Cypress Point Club
|Location||Pebble Beach, California|
|Designed by||Alister MacKenzie, Robert Hunter (author)|
Cypress Point Club is a private golf club in California. The club has a single 18-hole course, one of eight on the Monterey peninsula near Monterey, California. The course is well known[example needed] around the world for a series of three dramatic holes that play along the Pacific Ocean: the 15th, 16th and 17th, which are regularly rated[by whom?] among the best golf holes in the world. The 16th is a long par three that plays over the ocean.
The Cypress Point Club course opened on August 11, 1928. Byington Ford, Roger D. Lapham, and Marion Hollins were trailblazers for the project. The course was designed in 1928 by golf course designer Alister MacKenzie, collaborating with fellow golf course architect Robert Hunter.
It was used for the AT&T Pebble Beach National Pro-Am until 1991, but was dropped from the rotation because, at the time, did not have any black members. When asked to expedite admission of black members in order to continue in the tournament, leadership hesitated - feeling they needed time to consider how to leap-frog members on the 7 year waiting list to include a more diverse group. The issue was brought immediately with the entire membership. They did identify a diverse member - Condi Rice - and admitted her as soon as possible.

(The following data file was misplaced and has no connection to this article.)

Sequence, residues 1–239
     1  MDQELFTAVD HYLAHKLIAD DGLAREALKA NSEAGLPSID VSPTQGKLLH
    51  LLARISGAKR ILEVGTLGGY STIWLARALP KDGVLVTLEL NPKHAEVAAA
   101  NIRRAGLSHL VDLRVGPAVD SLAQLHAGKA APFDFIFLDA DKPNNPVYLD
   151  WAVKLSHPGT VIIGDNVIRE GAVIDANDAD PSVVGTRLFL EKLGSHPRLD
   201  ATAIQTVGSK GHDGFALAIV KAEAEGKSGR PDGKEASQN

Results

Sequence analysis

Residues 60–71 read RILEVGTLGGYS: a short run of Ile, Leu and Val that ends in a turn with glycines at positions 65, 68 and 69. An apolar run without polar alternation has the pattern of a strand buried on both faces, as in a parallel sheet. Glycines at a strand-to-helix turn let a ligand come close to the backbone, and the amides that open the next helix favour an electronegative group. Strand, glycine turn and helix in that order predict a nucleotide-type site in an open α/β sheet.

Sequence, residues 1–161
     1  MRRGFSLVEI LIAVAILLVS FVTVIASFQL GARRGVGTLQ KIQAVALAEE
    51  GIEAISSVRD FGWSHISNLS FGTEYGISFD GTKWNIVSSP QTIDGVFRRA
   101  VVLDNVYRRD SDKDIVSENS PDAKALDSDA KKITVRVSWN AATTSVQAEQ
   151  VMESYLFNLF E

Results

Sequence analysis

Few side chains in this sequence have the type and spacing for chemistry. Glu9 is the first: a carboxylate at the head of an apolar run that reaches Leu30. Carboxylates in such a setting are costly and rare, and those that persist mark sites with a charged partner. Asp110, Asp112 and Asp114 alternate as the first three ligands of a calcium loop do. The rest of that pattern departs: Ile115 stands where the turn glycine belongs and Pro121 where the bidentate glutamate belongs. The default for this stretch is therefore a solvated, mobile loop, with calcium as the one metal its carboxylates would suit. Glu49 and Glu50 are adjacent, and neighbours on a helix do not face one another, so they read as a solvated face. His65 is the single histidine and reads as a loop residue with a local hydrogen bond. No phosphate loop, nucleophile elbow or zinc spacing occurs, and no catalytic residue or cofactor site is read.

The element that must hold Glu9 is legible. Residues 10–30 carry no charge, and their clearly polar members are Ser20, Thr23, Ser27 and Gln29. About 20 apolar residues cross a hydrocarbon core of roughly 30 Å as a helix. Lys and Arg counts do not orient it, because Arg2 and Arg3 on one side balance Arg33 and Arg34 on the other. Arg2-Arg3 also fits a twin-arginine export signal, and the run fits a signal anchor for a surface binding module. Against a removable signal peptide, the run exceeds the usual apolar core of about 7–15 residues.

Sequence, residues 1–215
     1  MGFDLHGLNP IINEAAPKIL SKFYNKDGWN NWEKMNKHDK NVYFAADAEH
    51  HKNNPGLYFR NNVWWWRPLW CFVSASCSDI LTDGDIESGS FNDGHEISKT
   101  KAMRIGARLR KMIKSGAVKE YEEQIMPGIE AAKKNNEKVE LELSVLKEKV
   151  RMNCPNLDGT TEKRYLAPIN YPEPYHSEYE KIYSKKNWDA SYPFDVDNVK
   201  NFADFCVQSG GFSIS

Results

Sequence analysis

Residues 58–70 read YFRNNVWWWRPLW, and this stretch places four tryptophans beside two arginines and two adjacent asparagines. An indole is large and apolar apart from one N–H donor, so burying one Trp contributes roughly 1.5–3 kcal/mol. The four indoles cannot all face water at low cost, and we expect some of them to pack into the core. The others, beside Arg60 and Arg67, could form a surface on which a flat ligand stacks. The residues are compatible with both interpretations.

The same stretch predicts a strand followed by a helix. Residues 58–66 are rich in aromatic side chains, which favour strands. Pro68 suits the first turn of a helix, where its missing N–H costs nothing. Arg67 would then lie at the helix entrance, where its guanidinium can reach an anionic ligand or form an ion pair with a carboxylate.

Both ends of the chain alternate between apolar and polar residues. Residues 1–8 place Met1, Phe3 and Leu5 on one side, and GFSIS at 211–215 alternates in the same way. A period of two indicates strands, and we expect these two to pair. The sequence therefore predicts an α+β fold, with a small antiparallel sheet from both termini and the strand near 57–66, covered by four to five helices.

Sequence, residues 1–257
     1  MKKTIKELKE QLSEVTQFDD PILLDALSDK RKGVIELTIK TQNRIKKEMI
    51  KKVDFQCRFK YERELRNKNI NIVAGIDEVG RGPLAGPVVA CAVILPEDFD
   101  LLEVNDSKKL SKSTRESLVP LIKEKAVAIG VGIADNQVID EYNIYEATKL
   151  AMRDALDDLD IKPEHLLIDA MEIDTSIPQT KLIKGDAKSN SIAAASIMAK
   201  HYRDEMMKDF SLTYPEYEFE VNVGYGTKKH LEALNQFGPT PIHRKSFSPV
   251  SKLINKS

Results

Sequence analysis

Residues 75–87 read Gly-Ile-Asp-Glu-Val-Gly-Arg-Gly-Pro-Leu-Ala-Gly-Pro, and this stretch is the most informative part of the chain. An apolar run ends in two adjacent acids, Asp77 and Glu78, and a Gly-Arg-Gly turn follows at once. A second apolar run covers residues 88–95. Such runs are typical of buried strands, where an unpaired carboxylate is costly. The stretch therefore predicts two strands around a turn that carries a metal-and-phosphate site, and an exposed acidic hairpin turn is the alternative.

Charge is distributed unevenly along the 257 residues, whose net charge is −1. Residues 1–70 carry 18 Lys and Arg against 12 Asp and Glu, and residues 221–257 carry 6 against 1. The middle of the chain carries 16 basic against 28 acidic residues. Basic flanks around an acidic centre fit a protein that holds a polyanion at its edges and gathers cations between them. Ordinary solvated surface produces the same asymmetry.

Set in coastal dunes, the course enters the Del Monte forest during the front nine and reemerges to the rocky coastline for the finishing holes. The signature hole is #16, which requires a 231-yard tee shot over the Pacific to a mid-sized green guarded by strategically placed bunkers.
When playing Cypress Point, management requires all players to have caddies. Because there are only approximately 275 members, and only 30 of them "locally", many of the tee times on the course are used by guests. On a typical day, the course sends out 8 groups, with the first starting at an early 7:00 tee time.
In 1956, the course famously became the scene for a wagered best-ball match featuring seasoned professionals Ben Hogan & Byron Nelson against talented amateurs Ken Venturi & Harvey Ward. Ben Hogan broke the course scoring record with a faultless 63 (a record he still jointly holds) and secured a one-up victory in the process, alongside Nelson. Hogan had chipped in for eagle earlier which ultimately proceed the difference. The spectacle was chronicled in Mark Frost's book The Match: The Day The Game Of Golf Changed Forever.
|Championship||72.4 / 136||421||548||163||384||493||518||168||363||292||3349||497||437||404||365||388||143||219||393||346||3175||6524|
- Routing the Golf Course: The Art & Science That Forms the Golf Journey, Forrest L. Richardson
- Diaz, Jaime (18 September 1990). "Cypress Point Drops PGA Tour Event Instead of Changing Its Rules". The New York Times. Retrieved 11 February 2017.
- "Cypress Point Club". MontereyPeninsulaGolf.com. Retrieved 2012-03-06.
- Golf Magazine's Top 100 Courses in the World
- Golf Digest's 2011-12 America's 100 Greatest Golf Courses
- Cypress Point Course Information - with photos and interactive map
|This golf club or course-related article is a stub. You can help Wikipedia by expanding it.|
|This article about a sports venue in California is a stub. You can help Wikipedia by expanding it.|